The book is repetitive in parts and could have been much more clearly organized. It also omits some of Buffett’s most iconic statements, like his classic dissection of accounting for stock options — “If options aren’t a form of compensation, what are they? If compensation isn’t an expense, what is it? And, if expenses shouldn’t go into the calculation of earnings, where in the world should they go?” — and his spellbinding testimony to Congress in 1991 after the Salomon Brothers scandal.
When quoting from Buffett’s annual letters to shareholders, The Oracle Speaks draws almost entirely on those from 2003 or later, even though Buffett’s reports are available online all the way back to 1959 at ValueHuntr.net and Warren Buffett Resource.
The book misses out on much of the inexhaustible Buffett resources available online. I asked two money managers who study Buffett closely, Matt Pauls of Fernbank Partners and Shai Dardashti of Dardashti Capital Management, for their favorite websites where investors can dive deeper into Buffett’s thinking.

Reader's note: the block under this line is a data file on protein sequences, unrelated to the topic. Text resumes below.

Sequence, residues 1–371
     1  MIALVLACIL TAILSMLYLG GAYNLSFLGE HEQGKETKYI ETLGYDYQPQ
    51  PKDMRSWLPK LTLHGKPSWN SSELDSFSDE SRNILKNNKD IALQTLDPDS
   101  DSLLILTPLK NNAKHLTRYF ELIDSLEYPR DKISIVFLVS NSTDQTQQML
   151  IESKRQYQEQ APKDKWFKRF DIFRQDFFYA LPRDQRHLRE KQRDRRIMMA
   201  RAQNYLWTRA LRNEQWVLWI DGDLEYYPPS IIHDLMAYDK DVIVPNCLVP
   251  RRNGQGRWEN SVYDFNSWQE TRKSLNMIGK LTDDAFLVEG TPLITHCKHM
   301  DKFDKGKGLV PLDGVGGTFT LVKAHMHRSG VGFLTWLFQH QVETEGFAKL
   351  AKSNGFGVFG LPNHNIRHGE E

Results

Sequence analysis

[Note (June 2017): The sites shown immediately above are no longer active, although the links connect to them as saved at the Internet Archive Wayback Machine.]
Finally, CNBC’s “Warren Buffett Watch,” as Steven Friedman of the investing website Santangel’s Review reminds me, carries full transcripts of all the network’s interviews with Buffett.
You could, in fact, put together your own compilation of Warren Buffett’s most quotable thoughts from these websites. It would be more comprehensive than The Oracle Speaks, you’d save $10.95 and you might have more fun.
Disclosures: I’ve known Loomis for nearly 20 years. In 2008, Buffett asked me to join Loomis in posing questions to him and Berkshire Hathaway vice chairman Charlie Munger each year at the company’s annual meeting. The Wall Street Journal instructed me to decline on the grounds that such a role might compromise my objectivity; the role later went to Andrew Ross Sorkin of The New York Times.
Source: WSJ.com, Total Return blog, http://on.wsj.com/SELMyU
Warren Buffett, annual letters to shareholders, 1977 to date
Warren Buffett, letters to partners, 1959-1975
Carol Loomis (ed.), Tap Dancing to Work: Warren Buffett on Practically Everything, 1966-2013
Lawrence A. Cunningham (ed.), The Essays of Warren Buffett: Lessons for Corporate America
Roger Lowenstein, Buffett: The Making of an American Capitalist
Alice Schroeder, The Snowball: Warren Buffett and the Business of Life